Role-playing games started with tabletop games so it’s little wonder games like Baldur’s Gate and other early fantasy titles were designed after them. While Baldur’s Gate is widely considered to be one of the top games in the genre there are a handful of others that have played their individuals parts in molding the definition of role-playing games. The following are the best games like Baldur’s Gate.
The 15 Best Games Like 'Baldur's Gate'
15. 'Divinity Original Sin'
Birds-eye view, isometric style role-playing games are a relic of the past. A quality of a bygone era when computers and gaming rigs alike lacked the power to render environments properly. However, it says a lot when a studio intentionally chooses to adhere to such an art style. Divinity Original Sin is one such game that pays homage to top-down role-playing games while maintaining crisp visuals, though your mileage may vary based on what system you play it on. . Everything about the game, from its combat to the inventory system, is polished, making it so players can seamlessly take in the story with minimal distractions.
14. 'Icewind Dale'
One does not play Icewind Dale for the stunning visuals because there are none. Even when the game first hit markets in 2000 the graphics were stale and quite up to par as other role-playing games. You also don’t play Icewind Dale for the combat, which is best described as straightforward. You do, however, play Icewind Dale for the comprehensive sweeping story that, by itself, has made this otherwise ho-hum game into something quite special. Icewind Dale is a top-down role-playing game that bridges the gap between old-school RPGs and more modern titles. It’s because of this, the game may look dated but it still has some qualities, like the inventory system, one might find in newer titles.
13.'The Elder Scrolls Online'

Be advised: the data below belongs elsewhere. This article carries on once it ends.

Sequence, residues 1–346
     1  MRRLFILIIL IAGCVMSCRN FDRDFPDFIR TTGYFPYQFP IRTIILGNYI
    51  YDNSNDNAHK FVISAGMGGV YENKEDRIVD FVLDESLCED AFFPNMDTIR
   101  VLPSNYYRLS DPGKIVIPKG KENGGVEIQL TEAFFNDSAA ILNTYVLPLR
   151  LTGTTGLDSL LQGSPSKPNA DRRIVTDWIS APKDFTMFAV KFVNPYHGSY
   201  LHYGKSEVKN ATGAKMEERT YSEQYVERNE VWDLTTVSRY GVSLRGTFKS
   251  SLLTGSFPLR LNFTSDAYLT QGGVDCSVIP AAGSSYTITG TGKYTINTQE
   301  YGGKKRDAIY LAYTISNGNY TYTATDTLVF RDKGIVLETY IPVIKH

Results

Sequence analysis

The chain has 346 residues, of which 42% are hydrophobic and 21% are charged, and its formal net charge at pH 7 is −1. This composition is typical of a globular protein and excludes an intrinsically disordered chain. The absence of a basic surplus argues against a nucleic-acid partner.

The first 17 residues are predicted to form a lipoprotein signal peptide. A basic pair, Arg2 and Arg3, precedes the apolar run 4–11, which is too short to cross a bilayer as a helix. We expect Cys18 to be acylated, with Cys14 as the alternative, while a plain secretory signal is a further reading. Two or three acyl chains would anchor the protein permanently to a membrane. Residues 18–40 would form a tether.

A role-playing game that just so happens to be part of one of the largest fantasy franchises in the world. For years, The Elder Scrolls was a single-player role-playing game, but developers at Bethesda wanted to try their hands at online play. Enter The Elder Scrolls Online an MMORPG set in the Elder Scrolls fantasy world. The game has attracted and maintained a sizeable player base due in large part to developers choosing not to fix what isn’t broken. Elder Scrolls fans will immediately recognize all the game’s ins-and-outs and those unfamiliar with Elder Scrolls won't have much of a learning curve.
12. The Elder Scrolls 5: Skyrim
Bethesda’s current fantasy flagship, at least until Elder Scrolls 6 is released, Elder Scrolls 5 Skyrim has been a fan favorite for several years now. The game manages to balance excellent storytelling with Elder Scrolls' signature open-world setting. Unlike other role-playing games, where it’s easy to differentiate between side quests and the end-game plot, in Skyrim a number of quests have that main quest je ne sais quoi. Skyrim is a very busy game and that is meant in the best way possible.
11. 'Fabled Lands'
At first blush, Fabled Lands may look like your run-of-the-mill fantasy epic and in many ways it is. However, as derivative as Fabled Lands might be there is a reason why so many come back to play these turn-based role-playing games. Fabled Lands is a role-playing game in the traditional sense of the word. You play the game with an accompanying text, that gives you details about the world and various situations. Fabled Lands is the first solid gateway to get involved with other RPG games like Dungeons and Dragons.
10. 'Guild Wars 2'
Guild Wars 2 tries to do many things and manages to do them all fairly well. Combat is easy to learn and even easier to master. Inventories practically organize themselves and the story, while not as epic as stories from other games on this list, if still fairly epic. Many of Guild Wars 2 systems can be found in modern games like Left 4 Dead. In fact, other game features, like the combat role, are featured in other games as well. Of course, I’m not saying Guild Wars 2 invented these various mechanics but its adoption of them makes for an interesting RPG.
9. 'Black Desert'